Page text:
James Lewis blogs at www.dangeroustimes.wordpress.com
Making the Muslim Brotherhood a major player in Middle East politics seems to be one of the few subjects on which both Democrats and Republicans seem to agree. Neither the State Department nor the White House commented after U.S. House Majority Leader Stanley Hoyer met in Egypt with the Muslim Brotherhood’s parliamentarian leader, Mohammed Saad el-Katatni. Hoyer and el-Katani discussed recent developments in the Middle East, and the “Brotherhood’s vision.”
This meeting took place just one day after the conclusion of the Muslim Brotherhood 5th Cairo Conference: The International Campaign Against US & Zionist Occupation, in which delegations from Hizbollah and Hamas took part. The participants cheered as Muslim Brotherhood General Guide Muhammad Mahdi ‘Akef declared, “the devil Bush and his allies were now the ones sowing terror and aggression worldwide.”
Akef’s rant, translated from Arabic by MEMRI, blamed Bush for
“sending American youth to die by the thousands …at the expense of the poor in the U.S. and across the world.” His statement sounds similar to the claim of Senate Majority Leader Harry Reid that “The president’s policies have failed, and…[he] endangers our troops and hurts our national security.”
While the Democratic leadership does everything possible to demonstrate their diplomatic acumen before the 2008 U.S. presidential elections, it is less clear why the Administration is also courting this radical Muslim organization. Indeed, both the Democrats and the Administration are playing right into the Muslim Brotherhood’s hand, inadvertently supporting its propaganda offensive against the U.S.
Still more worrisome is the apparent dismissal by American political leaders on both sides of the aisle, of ongoing declarations and fatwas hostile to the U.S., issued by MB leaders since 9/11.
In his February 22 weekly address posted until recently on the MB Arabic website, ikwanpress.com, Akef claimed that the cracks in “the Western offensive against Islam,” are
“the failure the American war machine to break the rock of the Iraqi opposition, the difficulties facing the coalition forces in Afghanistan, and the military defeat of the Israeli armed forces in Lebanon and against the Palestinians.”
Akef called on the Arabs and Muslims to continue terrorist attacks against the U.S. and Israel “until they withdraw completely from the Middle East.” Akef reassured his followers that “the jihad will lead to smashing Western civilization and replacing it with Islam which will dominate the world,” according to a translation by Jonathan D. Halevi, director of Orient Research Group.
As this demonstrates, the MB under Akef’s leadership follows in the path of its predecessor Mustafa Mashour, who in August 2002, stated: “we will not give up (the goal) of restoring the Muslim Caliphate.” (Asharq Al-Awsat, 9 Aug. 2002).
But none of this is reported in the mainstream media. Instead, the press, rather than objectively covering the MB’s declared mission to establish a global Caliphate, has joined the ranks of political advocates portraying the MB as “moderate” and “reformist.”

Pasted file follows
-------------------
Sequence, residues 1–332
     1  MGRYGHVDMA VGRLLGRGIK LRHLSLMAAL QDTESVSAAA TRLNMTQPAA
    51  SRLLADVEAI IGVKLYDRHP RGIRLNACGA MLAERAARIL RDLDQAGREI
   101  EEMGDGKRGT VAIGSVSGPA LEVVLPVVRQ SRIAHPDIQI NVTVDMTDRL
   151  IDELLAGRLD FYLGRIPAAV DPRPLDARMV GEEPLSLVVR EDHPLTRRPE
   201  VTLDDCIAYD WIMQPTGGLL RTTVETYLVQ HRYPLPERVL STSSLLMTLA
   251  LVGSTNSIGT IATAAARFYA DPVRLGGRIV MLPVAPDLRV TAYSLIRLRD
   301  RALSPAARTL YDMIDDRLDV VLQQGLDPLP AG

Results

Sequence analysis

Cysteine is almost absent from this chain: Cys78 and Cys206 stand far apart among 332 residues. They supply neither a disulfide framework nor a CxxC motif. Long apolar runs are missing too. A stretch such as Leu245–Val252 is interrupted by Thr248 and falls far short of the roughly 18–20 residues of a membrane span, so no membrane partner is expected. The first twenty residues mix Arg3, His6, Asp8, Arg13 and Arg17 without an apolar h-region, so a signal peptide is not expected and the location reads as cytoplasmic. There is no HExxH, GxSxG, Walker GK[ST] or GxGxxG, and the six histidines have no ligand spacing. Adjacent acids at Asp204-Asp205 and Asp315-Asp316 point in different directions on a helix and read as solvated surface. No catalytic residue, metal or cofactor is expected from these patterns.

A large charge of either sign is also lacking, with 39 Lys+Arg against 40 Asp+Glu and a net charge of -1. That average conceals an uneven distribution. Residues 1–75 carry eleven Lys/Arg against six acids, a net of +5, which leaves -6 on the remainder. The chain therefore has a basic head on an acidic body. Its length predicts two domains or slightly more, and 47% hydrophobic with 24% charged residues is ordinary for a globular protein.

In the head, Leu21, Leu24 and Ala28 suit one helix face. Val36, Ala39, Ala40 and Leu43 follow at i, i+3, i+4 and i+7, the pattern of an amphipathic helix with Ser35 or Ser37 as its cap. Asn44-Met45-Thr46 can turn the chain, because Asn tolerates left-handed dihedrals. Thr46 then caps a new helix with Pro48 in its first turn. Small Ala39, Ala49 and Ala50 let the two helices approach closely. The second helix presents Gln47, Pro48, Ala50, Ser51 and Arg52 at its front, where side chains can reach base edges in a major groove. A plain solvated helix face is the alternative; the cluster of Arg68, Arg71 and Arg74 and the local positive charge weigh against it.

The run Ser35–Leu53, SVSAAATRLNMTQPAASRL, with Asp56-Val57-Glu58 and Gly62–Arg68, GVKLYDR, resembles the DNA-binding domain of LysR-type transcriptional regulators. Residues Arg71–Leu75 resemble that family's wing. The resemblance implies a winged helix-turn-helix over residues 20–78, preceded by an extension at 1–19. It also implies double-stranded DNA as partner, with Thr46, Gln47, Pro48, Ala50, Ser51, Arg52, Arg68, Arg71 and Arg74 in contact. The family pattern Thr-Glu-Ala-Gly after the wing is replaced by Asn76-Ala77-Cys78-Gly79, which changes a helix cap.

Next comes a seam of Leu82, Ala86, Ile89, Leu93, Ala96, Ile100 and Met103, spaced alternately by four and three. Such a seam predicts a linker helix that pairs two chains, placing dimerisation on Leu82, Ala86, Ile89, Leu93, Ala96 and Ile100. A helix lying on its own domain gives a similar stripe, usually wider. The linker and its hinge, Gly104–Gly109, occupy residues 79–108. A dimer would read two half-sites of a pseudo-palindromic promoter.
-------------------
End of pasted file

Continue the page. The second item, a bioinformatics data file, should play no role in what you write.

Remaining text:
Meanwhile, Hamas, the Palestinian arm of the Muslim Brotherhood, busily fortifies its economic and military strength. According to recent Hamas disclosures, theirs is the largest military force in the Gaza strip, comprising 15,000 combatants. Through its rapidly growing power, Hamas is evidently laying the groundwork for full control of the PA, and the election of Khalid Mashaal as the next PA chairman, thus, solidifying the MB takeover.
Despite these alarming developments, U.S. State Department officials (under heavy Saudi pressure) continue to lean on Israel to negotiate with the inconsequential current PA chairman, Mahmoud Abbas. Moreover, the U.S. ban on financial aid to the Hamas-led PA did not prevent the international community in 2006, from sinking more than $1.2 billion– mostly U.S. funds – in aid into the corrupt, terrorist Palestinian government.
Hamas, allegedly, had no access to these funds. However, Hamas runs most PA government offices. Moreover, Hamas members on many occasions have boasted that funds and weapons given to Abbas‘ Fatah end up in their hands.
Although the U.S. says it will have nothing to do with Hamas, it has approved a $59 million package in “non-lethal” assistance (weapons and military training) to PA security forces, ostensibly controlled by Chairman Mahmoud Abbas.
U.S. pressure led Israel to agree to this arrangement, despite the fact that similar provisions since the 1994 establishment of the PA, resulted in the murders of at least 1,064 Israeli civilians, and the wounding of more than 15,000. Most of these atrocities were perpetrated with weapons, training and funding supplied by the international community.
The failure to hold the PA accountable since its inception only encouraged Palestinian corruption and violence, and facilitated Hamas’ rise to power. Now, dependence on Saudi oil and investments seem to push the U.S. and the international community to accept demands to legitimize Hamas, thereby establishing MB reign over the Palestinians.